Last night An Evening with the Dixie Chicks was on PBS. I recorded it with the DVR and am watching it today. Bless you, little DVR. Pledge drive programming on PBS is watchable again! Bob help you if you don’t have one and have to sit through the mind-numbing faux populism of the on-air pledge shills. Considering that every public broadcasting organization I know of has the goal of becoming an ever bigger machine, the whole “You are one of us” schtick falls pretty flat to my cynical ears. Now that Georgia Public Broadcasting is trying to bully WREK off the air during the day, trading the latter’s unique programming for the former’s commodity widely-available-elsewhere NPR slate, I’m embarrassed that I ever gave money to GPB. I wish I could take it back.
And as far as the Dixie Chicks go, I wasn’t a big fan until Home which I bought on a whim one day and really enjoyed. When the whole political thing started, I should have bought one more album every time I heard of some anti-Chick rally. It’s nice to see that it doesn’t take much to bring the barely buried prejudices and misogyny of the country scene to the surface. Even if I didn’t like their music, if Toby Keith hates you then you must be doing something right.
Lazy web request from an exhausted and overwhelmed man. I hope to put together my first Orycon episode of the podcast in the next few days and I’d like to get some good filk and/or fannish music to go along with it. I would appreciate it if someone could please point me to a resource with such music that is offerered under a Creative Commons or other reuse friendly license. I know I could look this up myself but I’m up to the keister in crocodiles. Thanks in advance, friends and fen.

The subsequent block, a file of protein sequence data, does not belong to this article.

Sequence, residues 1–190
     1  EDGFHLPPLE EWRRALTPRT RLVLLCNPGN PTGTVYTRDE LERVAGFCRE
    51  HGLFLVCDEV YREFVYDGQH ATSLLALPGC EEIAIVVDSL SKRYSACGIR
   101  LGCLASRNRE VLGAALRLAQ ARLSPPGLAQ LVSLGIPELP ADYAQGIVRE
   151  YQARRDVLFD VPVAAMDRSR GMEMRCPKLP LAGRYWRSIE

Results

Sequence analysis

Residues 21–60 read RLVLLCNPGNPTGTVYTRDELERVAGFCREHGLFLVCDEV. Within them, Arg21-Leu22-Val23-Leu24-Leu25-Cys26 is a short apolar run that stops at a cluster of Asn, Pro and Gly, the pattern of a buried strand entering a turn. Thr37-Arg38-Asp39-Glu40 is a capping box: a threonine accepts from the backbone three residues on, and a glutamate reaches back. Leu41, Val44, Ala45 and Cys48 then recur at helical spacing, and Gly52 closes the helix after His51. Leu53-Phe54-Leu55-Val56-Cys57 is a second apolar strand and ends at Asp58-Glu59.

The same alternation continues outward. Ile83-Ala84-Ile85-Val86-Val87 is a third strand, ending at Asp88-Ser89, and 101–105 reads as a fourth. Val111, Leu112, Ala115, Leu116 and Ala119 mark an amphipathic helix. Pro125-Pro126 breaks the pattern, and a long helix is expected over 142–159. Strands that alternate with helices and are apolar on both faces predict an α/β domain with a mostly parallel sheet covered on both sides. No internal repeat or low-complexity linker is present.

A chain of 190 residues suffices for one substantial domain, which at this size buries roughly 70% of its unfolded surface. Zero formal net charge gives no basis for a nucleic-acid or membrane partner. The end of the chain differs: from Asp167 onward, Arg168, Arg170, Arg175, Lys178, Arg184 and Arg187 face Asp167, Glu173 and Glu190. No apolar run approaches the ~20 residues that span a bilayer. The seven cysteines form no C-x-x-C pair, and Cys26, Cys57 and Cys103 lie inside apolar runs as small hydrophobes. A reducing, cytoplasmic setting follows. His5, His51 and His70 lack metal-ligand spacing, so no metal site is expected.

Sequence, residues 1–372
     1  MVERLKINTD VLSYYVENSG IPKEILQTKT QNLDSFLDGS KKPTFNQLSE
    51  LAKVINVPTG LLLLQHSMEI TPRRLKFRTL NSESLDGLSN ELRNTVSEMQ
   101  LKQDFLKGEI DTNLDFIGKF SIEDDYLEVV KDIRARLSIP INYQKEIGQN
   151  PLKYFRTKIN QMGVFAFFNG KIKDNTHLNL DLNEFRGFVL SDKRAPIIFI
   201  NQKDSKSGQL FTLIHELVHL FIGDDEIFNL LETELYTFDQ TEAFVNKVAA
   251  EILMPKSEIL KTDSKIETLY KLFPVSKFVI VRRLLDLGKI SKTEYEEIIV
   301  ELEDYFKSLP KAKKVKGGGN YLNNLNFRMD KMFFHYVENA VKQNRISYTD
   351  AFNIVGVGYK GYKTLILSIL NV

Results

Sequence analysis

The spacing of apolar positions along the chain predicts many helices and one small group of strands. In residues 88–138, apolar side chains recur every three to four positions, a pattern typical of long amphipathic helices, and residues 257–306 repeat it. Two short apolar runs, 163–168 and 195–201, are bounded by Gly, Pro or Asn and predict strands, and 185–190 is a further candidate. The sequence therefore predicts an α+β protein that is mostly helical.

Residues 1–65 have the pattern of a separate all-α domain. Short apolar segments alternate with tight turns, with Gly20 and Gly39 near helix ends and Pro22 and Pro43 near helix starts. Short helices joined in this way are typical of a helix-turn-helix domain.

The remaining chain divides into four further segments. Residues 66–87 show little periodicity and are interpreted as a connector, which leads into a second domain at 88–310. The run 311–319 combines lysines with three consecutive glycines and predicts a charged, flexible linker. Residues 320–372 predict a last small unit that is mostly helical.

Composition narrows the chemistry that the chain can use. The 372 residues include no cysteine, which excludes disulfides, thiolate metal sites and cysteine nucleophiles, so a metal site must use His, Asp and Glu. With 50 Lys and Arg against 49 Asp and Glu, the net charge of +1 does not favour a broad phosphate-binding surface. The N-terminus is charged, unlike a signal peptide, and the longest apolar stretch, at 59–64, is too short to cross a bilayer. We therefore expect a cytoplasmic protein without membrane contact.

From a story on the last show at CBGB:
“Is this a funeral for punk rock?” a reporter asked Patti Smith. She was conducting a kind of press-conference-slash-sound-check from the stage of CBGB & OMFUG Sunday night. It was the club’s last night.
“That is too much of a fuckin’ stupid question to even answer,” said Ms. Smith.
For an alternate, non-sentimental and non-canonizing look at CBGB, here is the mighty Jon Kincaid on the club closing that really mattered to him. JFK taking on the myth of CBGB! A man who refuses to talk about it as if it is Saint Patrick’s Cathedral. Now that is punk.
Sadly, Baldemar “Freddy Fender” Huerta died today at the age of 69. I saw him play several times, and every time was enjoyable. After my father died, my brother and I made a pilgrimage to Biloxi MS for a weekend to gamble in his honor and spread his ashes on the beach. While there, I saw Freddy play at a casino I’m quite certain was destroyed by Katrina. It was a great show, and I must have been the youngest person there by a good 15 years. He lived a hard life but when he hit the stage he played hard and was a great entertainer. He will be missed.
We finally watched DIG! tonight. It was as good as my friend Chris led me to believe. I’ve always liked the Brian Jonestown Massacre when I’ve heard their music although I’ve never bought any of their records. I like the whole retro sparse Velvet Underground drone thing, so they are right in that pocket. I didn’t know any of the backstory of their crazy reputation or anything about Anton Newcombe. The movie makes him seem a lot like a cracked genius, but as much as I enjoyed the film it was immediately suspect on its balance. When your film is a narrative about the artistic tension between two people and one of them narrates the movie, that’s an issue.